Amy Wachspress is the author of Memories from Cherry Harvest
(fiction, Counterpoint Press, 2012) and The Call to Shakabaz
(children’s fantasy adventure, Woza Books, 2007). She has an M.A.
in English and works fulltime as a writer. Visit her website at


Over $15,000 in prizes. Deadline October 1, 2012. First-place prizes
of $5,000 each awarded in fiction, poetry, and nonfiction. Winners
are published in The Missouri Review and receive a paid trip to our
Editor's Prize gala. Our contest is open to both established and
emerging writers. Your entry fee of $20 includes a one-year
subscription (4 issues) to The Missouri Review. Winners will be
announced in January 2013.


Submit a short story for teens, 13-14, in any subgenre, including
speculative fiction, issue-based, contemporary, historical,
adventure, humor, etc. The story should be no longer than 1,500
words. Entries must be received by October 31, 2012. The first
contest entry is free to Children’s Writer subscribers who include
their account number on page one of their manuscript. All others
pay an entry fee of $15, which includes an 8-month subscription.
Winners will be announced in the March 2013 issue. Prizes: $500
for first place plus publication in Children’s Writer, $250 for
second place, and $100 for third, fourth, and fifth places.


The Crader Family Book Prize will recognize a first book, which
best exemplifies the values of the Crader Family Endowment for
American Values: individual liberty, constitutional principles
and civic virtue. The field and subject matter are open to any
area of US, European or Latin American history, but must examine
the historical development of the political, religious and
economic heritage of Western Civilization, or events directly
related to them. To be eligible, each book must be peer-reviewed,
published by an academic, university or commercial press in 2010,
2011, or 2012, written by a sole author, and be a single work,
rather than an edited collection or anthology. Works that are
self-published, in languages other than English, or only exist
as e-books will not be considered. The deadline for submission
is November 1, 2012. The author must be a citizen or permanent
resident of the United States.


First Prize: $300 plus publication
Second Prize: $150 plus publication
Third Prize: $50 plus publication

Submit one story per entry, 1000 words or less. We won’t
be judging stories based on any particular content or context,
just send your best piece of flash fiction! Please keep in
mind that we do appreciate work exhibiting socio-political-
cultural awareness and humor. To get an idea for the kind of
work we like, check out our Magazine page for free downloads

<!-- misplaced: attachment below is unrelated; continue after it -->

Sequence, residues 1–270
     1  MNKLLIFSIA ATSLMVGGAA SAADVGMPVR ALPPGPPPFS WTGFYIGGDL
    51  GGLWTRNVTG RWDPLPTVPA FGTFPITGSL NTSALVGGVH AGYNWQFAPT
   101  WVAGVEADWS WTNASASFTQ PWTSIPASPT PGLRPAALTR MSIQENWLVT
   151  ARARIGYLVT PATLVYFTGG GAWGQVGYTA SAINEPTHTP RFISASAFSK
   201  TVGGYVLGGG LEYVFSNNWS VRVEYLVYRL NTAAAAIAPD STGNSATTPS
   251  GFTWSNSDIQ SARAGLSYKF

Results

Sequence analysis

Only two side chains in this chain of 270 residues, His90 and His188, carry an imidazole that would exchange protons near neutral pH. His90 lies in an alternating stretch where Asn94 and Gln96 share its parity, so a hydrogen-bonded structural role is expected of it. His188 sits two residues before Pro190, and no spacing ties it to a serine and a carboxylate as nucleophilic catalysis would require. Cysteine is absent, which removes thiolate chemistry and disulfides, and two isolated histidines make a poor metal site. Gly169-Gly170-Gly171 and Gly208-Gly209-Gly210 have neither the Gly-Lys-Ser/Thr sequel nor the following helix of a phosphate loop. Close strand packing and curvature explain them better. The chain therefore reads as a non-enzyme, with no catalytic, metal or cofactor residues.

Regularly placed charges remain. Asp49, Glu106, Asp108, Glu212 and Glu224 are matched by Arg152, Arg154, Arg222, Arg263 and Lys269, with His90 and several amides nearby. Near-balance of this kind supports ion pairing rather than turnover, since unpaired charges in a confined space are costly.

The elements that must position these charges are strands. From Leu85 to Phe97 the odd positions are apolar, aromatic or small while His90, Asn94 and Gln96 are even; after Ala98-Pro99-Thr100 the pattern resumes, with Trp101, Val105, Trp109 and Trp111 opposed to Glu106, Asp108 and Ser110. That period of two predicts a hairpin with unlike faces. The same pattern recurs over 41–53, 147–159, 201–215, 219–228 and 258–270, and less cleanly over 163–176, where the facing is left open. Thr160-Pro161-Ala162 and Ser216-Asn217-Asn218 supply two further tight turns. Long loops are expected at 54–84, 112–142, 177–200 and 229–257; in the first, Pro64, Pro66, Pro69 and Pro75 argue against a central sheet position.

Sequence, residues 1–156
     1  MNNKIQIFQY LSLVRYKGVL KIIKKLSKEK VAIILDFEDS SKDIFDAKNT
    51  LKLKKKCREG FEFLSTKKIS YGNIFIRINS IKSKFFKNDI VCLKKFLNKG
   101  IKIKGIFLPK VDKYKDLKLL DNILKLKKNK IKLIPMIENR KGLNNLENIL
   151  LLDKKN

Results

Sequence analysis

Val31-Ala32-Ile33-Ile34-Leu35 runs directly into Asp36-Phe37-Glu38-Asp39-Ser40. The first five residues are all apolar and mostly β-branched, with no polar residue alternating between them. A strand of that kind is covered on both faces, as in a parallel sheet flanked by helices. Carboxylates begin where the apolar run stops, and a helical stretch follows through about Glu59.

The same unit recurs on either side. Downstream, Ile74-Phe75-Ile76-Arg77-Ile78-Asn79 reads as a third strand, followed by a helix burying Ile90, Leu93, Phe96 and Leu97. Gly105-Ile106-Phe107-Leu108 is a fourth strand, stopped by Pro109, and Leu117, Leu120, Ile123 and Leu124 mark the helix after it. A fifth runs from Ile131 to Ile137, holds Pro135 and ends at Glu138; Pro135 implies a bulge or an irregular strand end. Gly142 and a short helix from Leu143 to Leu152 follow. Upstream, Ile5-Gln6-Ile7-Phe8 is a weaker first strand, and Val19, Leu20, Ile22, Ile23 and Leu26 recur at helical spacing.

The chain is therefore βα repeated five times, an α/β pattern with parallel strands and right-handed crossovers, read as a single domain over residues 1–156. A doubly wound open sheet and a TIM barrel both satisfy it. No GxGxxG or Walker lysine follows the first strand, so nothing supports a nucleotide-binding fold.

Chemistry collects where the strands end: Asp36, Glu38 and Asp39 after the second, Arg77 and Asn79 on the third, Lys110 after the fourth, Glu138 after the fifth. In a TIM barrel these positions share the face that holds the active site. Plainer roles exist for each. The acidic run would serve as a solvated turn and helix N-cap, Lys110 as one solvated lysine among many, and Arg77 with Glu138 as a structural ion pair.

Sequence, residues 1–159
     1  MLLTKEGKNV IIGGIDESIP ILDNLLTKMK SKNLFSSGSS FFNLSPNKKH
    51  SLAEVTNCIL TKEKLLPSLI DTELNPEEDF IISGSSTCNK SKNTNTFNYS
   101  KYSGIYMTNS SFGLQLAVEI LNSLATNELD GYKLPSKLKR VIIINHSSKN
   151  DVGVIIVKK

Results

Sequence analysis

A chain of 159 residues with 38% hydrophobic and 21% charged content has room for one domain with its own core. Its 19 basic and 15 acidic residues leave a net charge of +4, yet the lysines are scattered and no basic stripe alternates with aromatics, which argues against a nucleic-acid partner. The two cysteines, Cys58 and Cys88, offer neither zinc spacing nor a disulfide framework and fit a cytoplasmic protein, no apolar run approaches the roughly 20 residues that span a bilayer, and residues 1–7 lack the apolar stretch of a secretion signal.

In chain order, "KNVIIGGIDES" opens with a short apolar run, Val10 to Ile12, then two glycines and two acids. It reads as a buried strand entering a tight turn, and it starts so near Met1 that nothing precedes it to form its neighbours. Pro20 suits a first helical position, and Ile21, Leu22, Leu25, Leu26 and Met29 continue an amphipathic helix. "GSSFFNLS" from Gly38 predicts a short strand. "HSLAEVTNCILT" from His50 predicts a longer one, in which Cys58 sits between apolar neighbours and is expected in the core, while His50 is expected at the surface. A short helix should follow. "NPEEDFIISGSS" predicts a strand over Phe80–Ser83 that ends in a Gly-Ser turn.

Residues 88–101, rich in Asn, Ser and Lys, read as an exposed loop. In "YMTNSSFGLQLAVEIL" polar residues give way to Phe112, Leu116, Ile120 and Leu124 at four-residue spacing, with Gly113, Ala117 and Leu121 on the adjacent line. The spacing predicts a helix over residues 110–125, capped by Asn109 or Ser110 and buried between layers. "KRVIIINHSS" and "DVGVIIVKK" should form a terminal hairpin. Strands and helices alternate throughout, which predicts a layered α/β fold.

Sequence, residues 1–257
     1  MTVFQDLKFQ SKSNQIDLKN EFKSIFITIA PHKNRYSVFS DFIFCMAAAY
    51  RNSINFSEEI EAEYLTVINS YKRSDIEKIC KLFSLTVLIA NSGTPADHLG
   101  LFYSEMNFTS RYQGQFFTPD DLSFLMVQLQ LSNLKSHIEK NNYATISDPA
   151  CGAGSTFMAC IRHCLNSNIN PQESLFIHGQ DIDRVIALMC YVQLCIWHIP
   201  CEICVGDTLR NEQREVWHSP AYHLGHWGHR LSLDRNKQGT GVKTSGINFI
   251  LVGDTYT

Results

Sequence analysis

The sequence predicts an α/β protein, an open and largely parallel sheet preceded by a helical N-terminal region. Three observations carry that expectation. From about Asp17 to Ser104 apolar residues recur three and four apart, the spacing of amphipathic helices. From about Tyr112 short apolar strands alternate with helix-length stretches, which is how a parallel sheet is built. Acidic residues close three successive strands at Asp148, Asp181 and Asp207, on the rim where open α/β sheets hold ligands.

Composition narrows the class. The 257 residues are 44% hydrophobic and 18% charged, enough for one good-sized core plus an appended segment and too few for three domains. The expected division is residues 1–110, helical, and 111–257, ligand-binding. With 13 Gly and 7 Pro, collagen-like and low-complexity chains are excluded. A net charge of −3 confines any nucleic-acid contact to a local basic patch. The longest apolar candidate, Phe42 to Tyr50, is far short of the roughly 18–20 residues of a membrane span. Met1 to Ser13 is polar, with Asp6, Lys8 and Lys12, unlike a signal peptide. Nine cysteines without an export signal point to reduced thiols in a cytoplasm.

of past issues of Monkey Puzzle.


Win recognition for the opening of your unpublished manuscript.
If your opening is shared on Writer Advice, you’ll be able to
tell prospective agents, publishers, and book buyers that you
were one of the winners of Writer Advice’s First Scintillating
Starts Contest. Submit the opening chapter or paragraphs. Show
us how you grab the reader. Entice us. Make us want to know more.
We’ll send you an insightful, practical evaluation and publish
the first paragraphs of the works we believe are strongest.
$250 in prize money will be divided among those published.
Deadline October 15, 2012.


Now in its 15th year, the AIR program at Indiana Dunes offers
professional artists the opportunity to live along the lakeshore
for two weeks giving them uninterrupted time to create art that
helps generate increased appreciation and support for the national
lakeshore. In exchange, the artist provides a public program and
donates one piece of art created during their stay. The work
produced by these artists becomes a permanent part of the park's
collection and is currently exhibited in the visitor center.
Deadline in April. The Artist-in-Residence program offers a two-
week or less residency in June, July, or August.


Deadline September 30, 2012. The Artist-in-Residence program at
Denali National Park began in 2002, and offers professional
artists the opportunity to pursue their work amidst the natural
splendors of Denali Park.


The Artist-in-Residence Program invites selected artists for
a four-week period in the fall and spring. The primary residence
is a historic house located on the Zion Canyon Scenic Drive.
Artists may also use a campsite in Zion Canyon, if preferred.
The furnished house is large enough to provide adequate studio
space. Artists must be self-sufficient, able to work independently
in an isolated environment, and comply with all park regulations
and policies. As part of the residency, artists will present two,
one-hour public programs. $35 application fee. Deadline usually
in July.


The Artist-In-Residence Program at Big Cypress National Preserve
offers professional writers, composers, and visual and performing
artists the opportunity to pursue their artistic discipline while
being surrounded by the preserve's inspiring landscape. Selected
artists stay in a dormitory setting, with each person having their
own room, and sharing living room / dining room / kitchen and
bathroom space. Big Cypress primarily looks for short-term (less
than one month) and long-term (one to three months) residents
during our wet (May through October) and dry (November through
April) seasons.


The Artist-In-Residence program is open to professional American
writers, composers and visual artists, including photographers,
whose work can be influenced and enhanced by this superb Michigan
scene. It provides resident artists the opportunity to capture the
moods of Sleeping Bear Dunes in their particular medium. The
program provides rent-free use of either a campsite in one of